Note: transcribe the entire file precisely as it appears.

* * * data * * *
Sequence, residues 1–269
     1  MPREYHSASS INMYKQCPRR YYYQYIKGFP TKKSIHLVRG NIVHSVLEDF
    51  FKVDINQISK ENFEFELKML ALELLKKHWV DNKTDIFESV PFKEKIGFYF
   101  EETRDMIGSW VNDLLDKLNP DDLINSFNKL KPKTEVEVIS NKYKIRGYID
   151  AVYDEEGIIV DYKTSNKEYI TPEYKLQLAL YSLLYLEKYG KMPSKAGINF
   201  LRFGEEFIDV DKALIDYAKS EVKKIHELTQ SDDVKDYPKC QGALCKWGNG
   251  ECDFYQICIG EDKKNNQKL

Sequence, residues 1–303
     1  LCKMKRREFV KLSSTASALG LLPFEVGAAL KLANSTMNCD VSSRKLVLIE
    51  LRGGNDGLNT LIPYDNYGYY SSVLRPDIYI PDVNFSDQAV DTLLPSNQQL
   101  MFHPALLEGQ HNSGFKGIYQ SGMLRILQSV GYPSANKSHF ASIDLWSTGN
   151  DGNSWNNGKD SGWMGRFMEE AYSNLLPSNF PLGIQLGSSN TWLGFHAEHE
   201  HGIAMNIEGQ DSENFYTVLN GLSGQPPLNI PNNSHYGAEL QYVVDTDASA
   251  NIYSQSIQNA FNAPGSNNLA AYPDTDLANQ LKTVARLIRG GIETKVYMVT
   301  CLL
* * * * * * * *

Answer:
Sequence, residues 1–269
     1  MPREYHSASS INMYKQCPRR YYYQYIKGFP TKKSIHLVRG NIVHSVLEDF
    51  FKVDINQISK ENFEFELKML ALELLKKHWV DNKTDIFESV PFKEKIGFYF
   101  EETRDMIGSW VNDLLDKLNP DDLINSFNKL KPKTEVEVIS NKYKIRGYID
   151  AVYDEEGIIV DYKTSNKEYI TPEYKLQLAL YSLLYLEKYG KMPSKAGINF
   201  LRFGEEFIDV DKALIDYAKS EVKKIHELTQ SDDVKDYPKC QGALCKWGNG
   251  ECDFYQICIG EDKKNNQKL

Sequence, residues 1–303
     1  LCKMKRREFV KLSSTASALG LLPFEVGAAL KLANSTMNCD VSSRKLVLIE
    51  LRGGNDGLNT LIPYDNYGYY SSVLRPDIYI PDVNFSDQAV DTLLPSNQQL
   101  MFHPALLEGQ HNSGFKGIYQ SGMLRILQSV GYPSANKSHF ASIDLWSTGN
   151  DGNSWNNGKD SGWMGRFMEE AYSNLLPSNF PLGIQLGSSN TWLGFHAEHE
   201  HGIAMNIEGQ DSENFYTVLN GLSGQPPLNI PNNSHYGAEL QYVVDTDASA
   251  NIYSQSIQNA FNAPGSNNLA AYPDTDLANQ LKTVARLIRG GIETKVYMVT
   301  CLL